NetOne lost half a million subscribers in 2022, made $3 per customer per month in Q4

Leonard Sengere Avatar
NetOne, OneTV, OneMoney COVID-19 Funds, 5gb bundle, data bundle prices

It’s not every day that we get to peek into NetOne’s financials. Even when we do, we don’t get the full picture as we do with Econet who are forced to publish their financial statements.

So, as we did with Telecel, let us look at where NetOne is. We will glean what we can from the recently released Potraz Q4 2022 ICT report.

We remember though that NetOne posted a 96% growth in profits in 2021 and that ARPU was $3.17 that year but they still ended up posting losses.

Here’s the TL;DR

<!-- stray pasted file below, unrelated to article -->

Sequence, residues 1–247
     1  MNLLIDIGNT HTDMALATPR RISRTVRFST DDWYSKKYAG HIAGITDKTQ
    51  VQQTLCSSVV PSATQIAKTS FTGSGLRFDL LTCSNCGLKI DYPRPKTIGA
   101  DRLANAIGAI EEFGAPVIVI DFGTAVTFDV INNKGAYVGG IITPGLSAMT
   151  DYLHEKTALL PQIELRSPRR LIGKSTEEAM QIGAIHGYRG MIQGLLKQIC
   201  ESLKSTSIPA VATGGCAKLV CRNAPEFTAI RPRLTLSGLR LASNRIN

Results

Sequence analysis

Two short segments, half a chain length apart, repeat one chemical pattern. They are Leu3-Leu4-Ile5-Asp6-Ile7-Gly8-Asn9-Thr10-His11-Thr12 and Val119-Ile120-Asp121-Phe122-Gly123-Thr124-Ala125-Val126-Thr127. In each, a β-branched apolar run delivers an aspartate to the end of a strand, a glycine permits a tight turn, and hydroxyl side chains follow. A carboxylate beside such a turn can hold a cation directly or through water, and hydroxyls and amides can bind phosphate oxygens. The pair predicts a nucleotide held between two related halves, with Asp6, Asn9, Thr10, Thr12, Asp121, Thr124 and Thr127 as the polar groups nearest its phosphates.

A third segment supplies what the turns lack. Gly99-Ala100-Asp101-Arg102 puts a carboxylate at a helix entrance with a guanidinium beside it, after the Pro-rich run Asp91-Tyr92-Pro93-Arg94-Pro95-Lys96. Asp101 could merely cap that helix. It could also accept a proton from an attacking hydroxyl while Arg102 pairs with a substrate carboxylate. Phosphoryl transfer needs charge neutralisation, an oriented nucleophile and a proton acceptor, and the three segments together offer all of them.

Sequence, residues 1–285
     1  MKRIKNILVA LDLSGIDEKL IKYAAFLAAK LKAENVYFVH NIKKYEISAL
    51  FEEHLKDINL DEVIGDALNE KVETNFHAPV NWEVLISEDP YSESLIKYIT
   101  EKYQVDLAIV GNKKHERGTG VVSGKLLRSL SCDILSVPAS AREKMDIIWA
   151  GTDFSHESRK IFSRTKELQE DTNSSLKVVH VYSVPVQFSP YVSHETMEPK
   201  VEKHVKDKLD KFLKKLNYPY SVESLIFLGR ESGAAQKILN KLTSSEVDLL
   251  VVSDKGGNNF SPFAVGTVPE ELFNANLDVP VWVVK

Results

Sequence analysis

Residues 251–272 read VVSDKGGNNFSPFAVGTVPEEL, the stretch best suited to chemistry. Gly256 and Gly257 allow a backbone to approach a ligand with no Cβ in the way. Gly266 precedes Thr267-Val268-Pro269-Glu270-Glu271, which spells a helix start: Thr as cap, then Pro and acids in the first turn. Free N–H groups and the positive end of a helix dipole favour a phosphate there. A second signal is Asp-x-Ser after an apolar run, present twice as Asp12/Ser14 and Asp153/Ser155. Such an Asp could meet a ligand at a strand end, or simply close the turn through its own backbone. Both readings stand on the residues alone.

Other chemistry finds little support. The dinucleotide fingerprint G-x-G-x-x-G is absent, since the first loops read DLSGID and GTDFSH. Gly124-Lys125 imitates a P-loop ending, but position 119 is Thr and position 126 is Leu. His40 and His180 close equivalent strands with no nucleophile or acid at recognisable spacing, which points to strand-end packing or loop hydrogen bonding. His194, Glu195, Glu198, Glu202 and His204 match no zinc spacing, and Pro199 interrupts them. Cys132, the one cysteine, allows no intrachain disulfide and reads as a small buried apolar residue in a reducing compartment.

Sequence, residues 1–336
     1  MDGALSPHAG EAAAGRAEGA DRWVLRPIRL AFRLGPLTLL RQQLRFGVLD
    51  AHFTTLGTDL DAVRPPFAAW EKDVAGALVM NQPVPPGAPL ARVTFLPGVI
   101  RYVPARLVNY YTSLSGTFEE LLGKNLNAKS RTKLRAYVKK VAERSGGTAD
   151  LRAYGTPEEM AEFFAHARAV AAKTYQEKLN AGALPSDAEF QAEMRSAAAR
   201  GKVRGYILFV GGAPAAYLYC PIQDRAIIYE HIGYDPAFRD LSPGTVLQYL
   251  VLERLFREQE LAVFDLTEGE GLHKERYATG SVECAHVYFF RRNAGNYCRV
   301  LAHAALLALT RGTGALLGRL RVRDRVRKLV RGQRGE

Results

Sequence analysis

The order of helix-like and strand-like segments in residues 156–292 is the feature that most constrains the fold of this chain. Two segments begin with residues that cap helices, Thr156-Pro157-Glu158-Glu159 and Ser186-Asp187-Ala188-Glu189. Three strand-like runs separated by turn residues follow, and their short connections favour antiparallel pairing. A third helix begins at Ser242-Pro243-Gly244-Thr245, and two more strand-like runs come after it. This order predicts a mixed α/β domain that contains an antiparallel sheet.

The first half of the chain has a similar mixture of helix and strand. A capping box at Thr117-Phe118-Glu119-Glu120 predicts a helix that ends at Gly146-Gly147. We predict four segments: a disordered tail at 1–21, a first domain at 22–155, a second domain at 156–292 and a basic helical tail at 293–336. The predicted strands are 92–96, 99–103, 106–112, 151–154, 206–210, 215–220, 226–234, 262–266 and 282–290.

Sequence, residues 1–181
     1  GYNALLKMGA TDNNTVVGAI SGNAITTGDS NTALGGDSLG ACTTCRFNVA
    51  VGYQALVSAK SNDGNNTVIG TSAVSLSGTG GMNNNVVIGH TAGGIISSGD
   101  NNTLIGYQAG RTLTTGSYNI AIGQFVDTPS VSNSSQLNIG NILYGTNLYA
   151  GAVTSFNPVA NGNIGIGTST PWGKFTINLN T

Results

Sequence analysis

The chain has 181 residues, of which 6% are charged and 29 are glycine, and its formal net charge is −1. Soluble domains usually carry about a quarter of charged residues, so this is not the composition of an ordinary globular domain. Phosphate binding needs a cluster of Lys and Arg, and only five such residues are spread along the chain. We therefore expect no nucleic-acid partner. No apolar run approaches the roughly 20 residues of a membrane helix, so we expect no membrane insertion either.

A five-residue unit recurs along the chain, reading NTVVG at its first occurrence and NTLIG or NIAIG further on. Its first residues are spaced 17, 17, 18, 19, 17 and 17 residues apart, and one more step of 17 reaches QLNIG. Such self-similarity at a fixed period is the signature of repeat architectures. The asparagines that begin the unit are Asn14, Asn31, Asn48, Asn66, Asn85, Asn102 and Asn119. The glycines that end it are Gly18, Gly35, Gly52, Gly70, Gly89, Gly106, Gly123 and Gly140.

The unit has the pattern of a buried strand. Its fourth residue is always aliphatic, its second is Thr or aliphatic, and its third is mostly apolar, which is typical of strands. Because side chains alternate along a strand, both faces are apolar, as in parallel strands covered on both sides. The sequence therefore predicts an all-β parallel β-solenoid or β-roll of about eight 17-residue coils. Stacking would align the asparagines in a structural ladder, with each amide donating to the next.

NetOne lost 547,858 subscribers in 2022, most of them in Q4

Q4 revenues were at most US$32.4 million

Revenue per user was US$2.92 per month

Saw a massive drop in voice traffic market share in Q4

NetOne gets voice traffic of 14.9% from 33.1% of 2G, 34.8% of 3G infrastructure

Data traffic of 25.3% from 34.8% of 3G, 44.1% of LTE infrastructure

NetOne internal controls lacking, employees keep defrauding the mobile operator


NetOne is comfortably in second place, with Econet far out in front and Telecel as good as dead in third place. They are not in any danger of losing the second spot but they could find the gap to first place increase. NetOne lost 547,858 subscribers in 2022 after gaining 779,278 in 2021.

In Q4, NetOne saw its subscribers fall by 9.6% from Q3 levels. In fact, while they have not been bleeding like Telecel, they too have been losing subscribers. They had 4,470,592 subscribers in December 2021 and that steadily fell to 3,922,734 by December 2022, a 12% drop.

NetOne had an interesting 2022.